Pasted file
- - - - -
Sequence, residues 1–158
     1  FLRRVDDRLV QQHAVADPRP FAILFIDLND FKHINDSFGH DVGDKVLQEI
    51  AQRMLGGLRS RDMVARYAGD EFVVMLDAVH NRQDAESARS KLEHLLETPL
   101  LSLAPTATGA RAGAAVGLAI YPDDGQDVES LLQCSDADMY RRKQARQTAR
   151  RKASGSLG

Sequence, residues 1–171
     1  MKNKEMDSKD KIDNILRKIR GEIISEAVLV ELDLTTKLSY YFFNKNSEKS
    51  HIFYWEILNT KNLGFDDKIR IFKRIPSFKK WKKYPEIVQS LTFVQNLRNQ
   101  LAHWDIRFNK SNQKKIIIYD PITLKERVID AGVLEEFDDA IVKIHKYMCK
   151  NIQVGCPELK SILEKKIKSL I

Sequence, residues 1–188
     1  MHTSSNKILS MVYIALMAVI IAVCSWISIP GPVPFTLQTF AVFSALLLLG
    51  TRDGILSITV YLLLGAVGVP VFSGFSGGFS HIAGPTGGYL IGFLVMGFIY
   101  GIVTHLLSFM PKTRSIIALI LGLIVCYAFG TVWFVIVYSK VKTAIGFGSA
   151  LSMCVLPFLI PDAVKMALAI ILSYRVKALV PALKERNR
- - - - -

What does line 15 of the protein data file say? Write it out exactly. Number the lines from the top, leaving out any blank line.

   151  LSMCVLPFLI PDAVKMALAI ILSYRVKALV PALKERNR